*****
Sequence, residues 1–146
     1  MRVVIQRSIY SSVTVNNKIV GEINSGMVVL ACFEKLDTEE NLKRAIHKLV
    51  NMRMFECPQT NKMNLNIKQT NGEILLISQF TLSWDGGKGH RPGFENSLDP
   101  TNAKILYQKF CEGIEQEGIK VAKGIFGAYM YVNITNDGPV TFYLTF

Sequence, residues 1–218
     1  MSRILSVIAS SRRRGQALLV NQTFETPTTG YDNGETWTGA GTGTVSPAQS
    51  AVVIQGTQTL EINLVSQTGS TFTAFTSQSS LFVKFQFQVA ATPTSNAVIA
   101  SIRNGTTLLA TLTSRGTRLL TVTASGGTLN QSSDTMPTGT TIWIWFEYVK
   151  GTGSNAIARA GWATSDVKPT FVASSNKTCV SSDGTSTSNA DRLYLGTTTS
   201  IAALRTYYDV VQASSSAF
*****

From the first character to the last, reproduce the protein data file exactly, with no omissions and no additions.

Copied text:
Sequence, residues 1–146
     1  MRVVIQRSIY SSVTVNNKIV GEINSGMVVL ACFEKLDTEE NLKRAIHKLV
    51  NMRMFECPQT NKMNLNIKQT NGEILLISQF TLSWDGGKGH RPGFENSLDP
   101  TNAKILYQKF CEGIEQEGIK VAKGIFGAYM YVNITNDGPV TFYLTF

Sequence, residues 1–218
     1  MSRILSVIAS SRRRGQALLV NQTFETPTTG YDNGETWTGA GTGTVSPAQS
    51  AVVIQGTQTL EINLVSQTGS TFTAFTSQSS LFVKFQFQVA ATPTSNAVIA
   101  SIRNGTTLLA TLTSRGTRLL TVTASGGTLN QSSDTMPTGT TIWIWFEYVK
   151  GTGSNAIARA GWATSDVKPT FVASSNKTCV SSDGTSTSNA DRLYLGTTTS
   201  IAALRTYYDV VQASSSAF